Saturday, 15 March 2014

Konga (1961)


A deliriously mess of a film, Konga represents an all too rare UK based attempt at a giant monster film. With a great performance from Michael Gough, some endearingly awful special effects, and a script that mixes a range of influences from King Kong to Poe, we get a film that is ridiculous but never less than entertaining.

After disappearing for a year in Africa, Dr Charles Decker comes back with a baby chimp and some crazy ideas about a way of growing plants and animals to an enormous size. As he slowly loses his mind he decides to use his discoveries in order to get rid of his enemies – but has he created something way beyond his control?

Despite the British setting and cast, Konga was actually the brainchild of American producer Herman Cohen, the man behind 50s horror hits such as I Was a Teenage Werewolf, I Was a Teenage Frankenstein, and How to Make a Monster. Cohen moved to the UK to make the delightfully lurid thriller Horrors of the Black Museum, which also starred Michael Gough as an arrogant sadist with a taste for murder, albeit one who works in journalism rather than science, and the film proved to be a big success. When asked to make a follow up, Cohen opted to move into more fantasy rooted territory.

Although King Kong is the most obvious influence, judging from the posters at least, the only element borrowed for Konga is the presence of a giant ape, and that does not show until the final act. A more obvious source is the Edgar Allen Poe story “Murders in the Rue Morgue”, from which it borrows the idea of a primate being trained to carry out the murderous wishes of its owner. However, an interesting twist on this comes when Decker's assistant Margaret also trains Konga to bump off what she sees as her rivals for the Doctor's affections. This makes Konga become something akin to the "Monsters from the Id" from Forbidden Planet.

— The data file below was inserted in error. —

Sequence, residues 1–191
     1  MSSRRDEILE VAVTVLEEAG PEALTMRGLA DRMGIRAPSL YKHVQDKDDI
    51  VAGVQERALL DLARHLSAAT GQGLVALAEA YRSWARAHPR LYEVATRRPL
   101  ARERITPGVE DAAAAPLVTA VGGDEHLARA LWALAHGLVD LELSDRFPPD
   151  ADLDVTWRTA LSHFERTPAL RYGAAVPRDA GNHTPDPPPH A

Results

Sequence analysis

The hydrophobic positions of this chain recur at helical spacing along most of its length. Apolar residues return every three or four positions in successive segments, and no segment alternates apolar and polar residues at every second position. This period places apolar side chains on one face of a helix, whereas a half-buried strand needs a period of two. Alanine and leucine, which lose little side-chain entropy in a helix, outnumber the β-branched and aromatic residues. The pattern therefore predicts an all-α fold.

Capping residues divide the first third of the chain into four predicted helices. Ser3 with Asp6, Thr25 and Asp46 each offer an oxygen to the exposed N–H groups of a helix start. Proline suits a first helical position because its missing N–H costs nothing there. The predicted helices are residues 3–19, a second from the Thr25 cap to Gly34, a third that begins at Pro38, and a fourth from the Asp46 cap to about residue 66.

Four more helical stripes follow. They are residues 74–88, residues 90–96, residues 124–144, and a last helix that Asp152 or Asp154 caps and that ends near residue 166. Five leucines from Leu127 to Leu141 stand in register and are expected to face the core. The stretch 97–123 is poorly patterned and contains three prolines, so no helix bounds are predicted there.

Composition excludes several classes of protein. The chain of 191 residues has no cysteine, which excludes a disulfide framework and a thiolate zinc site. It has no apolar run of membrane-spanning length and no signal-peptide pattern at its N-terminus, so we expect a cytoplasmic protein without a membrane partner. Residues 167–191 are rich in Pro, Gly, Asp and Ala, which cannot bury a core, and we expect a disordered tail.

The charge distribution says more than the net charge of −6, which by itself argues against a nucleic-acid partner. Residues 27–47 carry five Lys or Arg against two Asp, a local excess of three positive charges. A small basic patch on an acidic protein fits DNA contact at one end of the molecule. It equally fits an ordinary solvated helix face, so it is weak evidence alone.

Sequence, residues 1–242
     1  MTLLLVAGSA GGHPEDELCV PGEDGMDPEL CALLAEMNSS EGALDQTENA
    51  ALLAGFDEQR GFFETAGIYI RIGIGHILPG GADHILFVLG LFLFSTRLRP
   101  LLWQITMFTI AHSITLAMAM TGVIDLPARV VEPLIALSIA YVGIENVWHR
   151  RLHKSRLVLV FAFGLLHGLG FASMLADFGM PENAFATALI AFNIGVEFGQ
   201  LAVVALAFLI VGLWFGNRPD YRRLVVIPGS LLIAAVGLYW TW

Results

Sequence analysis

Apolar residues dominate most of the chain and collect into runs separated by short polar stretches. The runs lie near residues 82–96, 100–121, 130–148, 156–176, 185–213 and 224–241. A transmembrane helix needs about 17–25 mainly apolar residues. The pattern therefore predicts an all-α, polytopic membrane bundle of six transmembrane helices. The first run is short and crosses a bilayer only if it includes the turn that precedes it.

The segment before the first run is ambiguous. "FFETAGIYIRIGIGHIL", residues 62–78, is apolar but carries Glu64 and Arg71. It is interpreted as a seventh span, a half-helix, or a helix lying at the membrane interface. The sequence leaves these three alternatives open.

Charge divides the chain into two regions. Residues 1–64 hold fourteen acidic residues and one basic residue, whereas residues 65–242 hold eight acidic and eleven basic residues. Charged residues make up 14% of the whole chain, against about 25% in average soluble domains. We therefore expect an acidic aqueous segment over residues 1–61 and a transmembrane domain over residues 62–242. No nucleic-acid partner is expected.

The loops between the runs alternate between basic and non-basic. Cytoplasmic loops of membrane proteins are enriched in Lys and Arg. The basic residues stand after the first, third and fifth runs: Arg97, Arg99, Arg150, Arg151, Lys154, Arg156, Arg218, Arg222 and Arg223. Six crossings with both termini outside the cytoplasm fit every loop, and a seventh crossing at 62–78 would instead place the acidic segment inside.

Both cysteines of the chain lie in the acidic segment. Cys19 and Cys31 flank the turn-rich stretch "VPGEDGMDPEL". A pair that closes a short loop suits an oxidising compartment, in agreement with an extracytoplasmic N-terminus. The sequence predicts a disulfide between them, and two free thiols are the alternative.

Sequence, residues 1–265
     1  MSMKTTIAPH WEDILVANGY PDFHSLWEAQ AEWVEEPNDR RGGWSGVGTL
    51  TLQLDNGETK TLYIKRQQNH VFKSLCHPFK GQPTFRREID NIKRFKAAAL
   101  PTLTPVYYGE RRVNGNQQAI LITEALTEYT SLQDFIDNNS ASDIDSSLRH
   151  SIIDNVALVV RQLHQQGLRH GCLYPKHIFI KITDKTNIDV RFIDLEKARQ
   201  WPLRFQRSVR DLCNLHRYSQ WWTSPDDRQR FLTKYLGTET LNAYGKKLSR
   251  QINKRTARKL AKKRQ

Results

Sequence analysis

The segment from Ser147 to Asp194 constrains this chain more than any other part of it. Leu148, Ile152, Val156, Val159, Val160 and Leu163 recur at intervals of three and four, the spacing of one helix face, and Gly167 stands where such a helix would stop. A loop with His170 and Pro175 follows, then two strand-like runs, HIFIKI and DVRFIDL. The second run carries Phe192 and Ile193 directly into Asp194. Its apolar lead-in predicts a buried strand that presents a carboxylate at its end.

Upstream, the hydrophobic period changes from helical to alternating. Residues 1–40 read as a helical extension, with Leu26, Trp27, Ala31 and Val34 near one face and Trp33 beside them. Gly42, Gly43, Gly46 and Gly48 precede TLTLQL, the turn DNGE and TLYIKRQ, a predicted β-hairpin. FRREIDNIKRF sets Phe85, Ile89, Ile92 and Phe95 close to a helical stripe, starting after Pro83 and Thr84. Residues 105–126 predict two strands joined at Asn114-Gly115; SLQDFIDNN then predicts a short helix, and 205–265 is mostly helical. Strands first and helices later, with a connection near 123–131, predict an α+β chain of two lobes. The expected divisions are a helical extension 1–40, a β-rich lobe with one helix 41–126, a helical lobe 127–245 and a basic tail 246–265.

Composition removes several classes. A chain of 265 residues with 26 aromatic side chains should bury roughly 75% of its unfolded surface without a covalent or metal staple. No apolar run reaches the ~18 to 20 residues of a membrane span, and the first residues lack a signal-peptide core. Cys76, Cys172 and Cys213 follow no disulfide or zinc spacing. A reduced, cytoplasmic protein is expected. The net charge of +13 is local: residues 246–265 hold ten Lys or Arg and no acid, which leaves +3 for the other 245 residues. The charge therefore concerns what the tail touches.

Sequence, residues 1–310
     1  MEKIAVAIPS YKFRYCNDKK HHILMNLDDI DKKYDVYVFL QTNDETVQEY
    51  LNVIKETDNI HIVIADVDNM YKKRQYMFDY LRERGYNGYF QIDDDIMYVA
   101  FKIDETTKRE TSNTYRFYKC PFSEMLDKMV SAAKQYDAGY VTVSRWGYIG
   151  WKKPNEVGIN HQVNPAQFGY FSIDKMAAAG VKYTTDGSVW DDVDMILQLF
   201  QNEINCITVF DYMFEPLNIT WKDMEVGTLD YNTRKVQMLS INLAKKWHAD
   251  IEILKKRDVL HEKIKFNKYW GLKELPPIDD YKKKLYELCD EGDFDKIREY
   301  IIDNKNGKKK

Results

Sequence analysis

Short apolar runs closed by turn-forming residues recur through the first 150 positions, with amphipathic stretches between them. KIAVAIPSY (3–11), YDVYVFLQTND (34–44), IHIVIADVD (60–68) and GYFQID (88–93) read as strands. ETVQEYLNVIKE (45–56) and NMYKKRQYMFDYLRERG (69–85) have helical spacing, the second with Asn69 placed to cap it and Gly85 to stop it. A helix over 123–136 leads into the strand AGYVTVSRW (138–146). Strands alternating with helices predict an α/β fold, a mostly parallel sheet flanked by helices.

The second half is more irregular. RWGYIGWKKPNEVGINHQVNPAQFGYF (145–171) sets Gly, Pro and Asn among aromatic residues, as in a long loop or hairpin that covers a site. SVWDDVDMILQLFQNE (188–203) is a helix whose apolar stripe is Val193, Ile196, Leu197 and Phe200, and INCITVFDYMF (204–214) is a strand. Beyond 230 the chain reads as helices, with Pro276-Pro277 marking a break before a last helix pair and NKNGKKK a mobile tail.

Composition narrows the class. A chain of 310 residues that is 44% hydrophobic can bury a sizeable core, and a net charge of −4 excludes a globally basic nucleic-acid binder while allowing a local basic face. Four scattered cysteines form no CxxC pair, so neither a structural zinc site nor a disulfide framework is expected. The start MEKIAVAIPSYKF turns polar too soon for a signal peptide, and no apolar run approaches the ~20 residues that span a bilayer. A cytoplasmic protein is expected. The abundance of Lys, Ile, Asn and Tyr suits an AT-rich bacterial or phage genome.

Gough chews the scenery from the outset, but also gives Decker an oily, sinister aspect that stops his performance becoming grating. Make no mistake, he is definitely evil - he shoots his pet cat dead "in case" it interferes with his experiments - but Gough never resorts to foaming at the mouth theatrics, instead playing Decker as cool and sometimes charming, which would make for a chilling character if the situations were not so ridiculous and the dialogue not so portentous.

With such a dazzling lead, the other characters in the film are inevitably going to get overshadowed. However, Decker's assistant Margaret is fairly memorable, utterly devoted to him, turning a blind eye to his crimes, and only getting on the moral high ground when she learns he has been eyeing up one of his students. And, this being set "Between the end of the Chatterley ban, and The Beatles' first LP...", Dr Decker's students are hilariously dated, with lots of sensible sweaters and Trad Jazz.

However, just as entertaining as the star and the script are the special effects, especially the Gorilla costume. Despite starting (and ending) the film as a chimpanzee, one of the side effects of Dr Decker's growth serum is to, once he reaches a certain size, turn Konga into a gorilla. Herman Cohen had previously worked on "Bela Lugosi Meets a Brooklyn Gorilla", and while I am not sure if it the same costume (or the same man in the costume), it is certainly a similar quality. Elsewhere, we get some ridiculous man eating rubber plants, straight out of Little Shop of Horrors, and when Margaret gets picked up and thrown around by Konga, it is very obviously a miniature doll.